Cooking forces kids to slow down.  It only takes one slip of the hand to learn that when holding a knife (even the relatively dull one that Laurel is allowed to use) it is prudent to pay attention to what you are doing.  The girls, who are usually whirlwinds of activity, know that when they are cooking they have to be careful.  Their frantic movements become purposeful.  Their fidgeting stops as they watch and try to imitate what I have shown them.  They love to watch me chop vegetables, and I talk to them about how I keep my fingers curled back on my holding hand, and how I don’t lift the tip of the knife from the board, so I have better control.

Tonight I allowed the girls to do the “hot stuff” for the first time while making dinner.  Laurel sauteed vegetables, using a long wooden spoon to stir them around in the bottom of the soup pot.  Ellie got to stir the soup as it simmered on the stove.  Cooking has taught them caution.  They may not listen to me the rest of the day, but when I told them that they could hold the spoon and touch the pot handle, but NOT the pot, because it was hot, they listened.  No preschoolers were burned during the making of our dinner.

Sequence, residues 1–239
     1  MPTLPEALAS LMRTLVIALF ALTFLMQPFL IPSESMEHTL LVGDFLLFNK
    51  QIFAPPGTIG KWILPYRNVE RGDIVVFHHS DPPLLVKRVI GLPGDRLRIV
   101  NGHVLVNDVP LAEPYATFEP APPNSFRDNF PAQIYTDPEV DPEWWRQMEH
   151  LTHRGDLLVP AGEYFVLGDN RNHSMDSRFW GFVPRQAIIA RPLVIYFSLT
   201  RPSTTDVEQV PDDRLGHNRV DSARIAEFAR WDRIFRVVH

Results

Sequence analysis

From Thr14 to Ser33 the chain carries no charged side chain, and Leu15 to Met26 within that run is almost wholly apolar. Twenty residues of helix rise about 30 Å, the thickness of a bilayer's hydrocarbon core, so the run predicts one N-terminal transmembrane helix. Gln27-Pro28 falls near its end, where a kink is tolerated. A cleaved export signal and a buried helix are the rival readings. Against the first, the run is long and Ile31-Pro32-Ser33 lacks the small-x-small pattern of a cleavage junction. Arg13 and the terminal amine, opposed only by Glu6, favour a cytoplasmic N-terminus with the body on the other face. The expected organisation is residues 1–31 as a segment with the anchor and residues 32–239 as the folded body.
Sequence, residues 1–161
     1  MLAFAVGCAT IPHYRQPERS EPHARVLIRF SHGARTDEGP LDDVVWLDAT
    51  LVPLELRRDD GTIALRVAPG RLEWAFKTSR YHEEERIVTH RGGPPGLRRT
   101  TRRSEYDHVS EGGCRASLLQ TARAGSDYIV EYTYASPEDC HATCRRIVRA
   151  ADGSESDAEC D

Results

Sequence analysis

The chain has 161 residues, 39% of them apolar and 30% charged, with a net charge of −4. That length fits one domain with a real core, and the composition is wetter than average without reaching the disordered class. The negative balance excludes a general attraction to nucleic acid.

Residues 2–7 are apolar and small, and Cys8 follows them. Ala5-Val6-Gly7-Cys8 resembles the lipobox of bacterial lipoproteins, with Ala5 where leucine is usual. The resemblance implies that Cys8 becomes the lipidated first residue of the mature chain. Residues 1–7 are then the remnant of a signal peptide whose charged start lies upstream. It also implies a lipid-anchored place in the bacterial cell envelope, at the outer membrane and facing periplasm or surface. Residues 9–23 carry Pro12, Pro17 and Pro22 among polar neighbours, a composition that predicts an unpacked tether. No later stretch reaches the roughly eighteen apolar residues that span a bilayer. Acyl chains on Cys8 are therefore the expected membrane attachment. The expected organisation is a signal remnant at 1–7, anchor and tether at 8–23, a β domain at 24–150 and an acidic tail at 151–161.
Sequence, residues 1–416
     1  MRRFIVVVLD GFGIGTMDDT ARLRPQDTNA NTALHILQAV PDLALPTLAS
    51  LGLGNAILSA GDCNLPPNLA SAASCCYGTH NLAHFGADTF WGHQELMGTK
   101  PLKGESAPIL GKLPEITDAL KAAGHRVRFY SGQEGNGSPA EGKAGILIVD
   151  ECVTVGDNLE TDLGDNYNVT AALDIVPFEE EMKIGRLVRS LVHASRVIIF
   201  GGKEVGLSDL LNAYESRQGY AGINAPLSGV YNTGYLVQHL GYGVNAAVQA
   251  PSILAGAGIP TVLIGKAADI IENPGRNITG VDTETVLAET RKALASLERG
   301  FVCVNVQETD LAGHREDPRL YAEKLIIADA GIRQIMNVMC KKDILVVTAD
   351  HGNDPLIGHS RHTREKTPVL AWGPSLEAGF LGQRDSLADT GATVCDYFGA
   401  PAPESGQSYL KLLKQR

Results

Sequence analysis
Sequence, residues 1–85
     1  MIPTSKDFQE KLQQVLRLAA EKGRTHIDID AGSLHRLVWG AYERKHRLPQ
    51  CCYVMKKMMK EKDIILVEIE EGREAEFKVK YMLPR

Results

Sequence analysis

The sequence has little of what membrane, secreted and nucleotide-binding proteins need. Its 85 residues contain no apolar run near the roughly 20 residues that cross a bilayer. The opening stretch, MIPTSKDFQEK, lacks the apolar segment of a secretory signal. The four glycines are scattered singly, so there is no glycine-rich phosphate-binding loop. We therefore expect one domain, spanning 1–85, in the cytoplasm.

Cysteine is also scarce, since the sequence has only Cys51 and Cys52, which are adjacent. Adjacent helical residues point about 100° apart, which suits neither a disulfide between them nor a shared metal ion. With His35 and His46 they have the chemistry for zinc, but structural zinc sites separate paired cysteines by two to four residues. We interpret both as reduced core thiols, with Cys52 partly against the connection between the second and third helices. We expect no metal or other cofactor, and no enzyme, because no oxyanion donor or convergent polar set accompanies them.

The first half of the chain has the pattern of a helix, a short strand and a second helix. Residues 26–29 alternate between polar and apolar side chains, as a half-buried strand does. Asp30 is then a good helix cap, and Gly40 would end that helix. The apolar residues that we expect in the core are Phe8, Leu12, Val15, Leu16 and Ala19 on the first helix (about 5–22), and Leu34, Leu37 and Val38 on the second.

Cooking teaches the value of work.  Kids are use to people just handing them things.  They don’t often have to work for what they get, simply because they are little and can’t do whatever needs to be done yet.  Cooking is a good way to start introducing kids to the idea of taking pride in their work.  It is a magical thing, the first time your child realizes that they can produce something tasty with their own two little hands.  I think that kids who understand the value of work are less likely to act like entitled little monsters.  And more likely to eat their dinners.

Finally, cooking teaches patience.  A large part of cooking, especially baking, is waiting.  We wait for the butter to melt, the onions to become translucent, the broth to boil, the bread to rise, the cake to bake.  In a world where everything seems to be available on demand, cooking teaches kids that sometimes we have to wait for the things we want.  Most of the time Laurel gets bored and runs off to play during the longer waits, but Ellie is a much more patient child.  She will happily stand on a chair, occasionally stirring a simmering pot of soup for twenty minutes, and yell if I try to get her to stop.  I think she’s going to take after me, finding her zen in the motion of a whisk.

So, let’s hear from you.  Hop down to the comment section, and tell me if you let your kids cook with you.  How old are they?  What are their favorite cooking tasks?  Or do you think kids should stay out of the kitchen?  Let me hear it!

Food Snob

I'll cook anything for love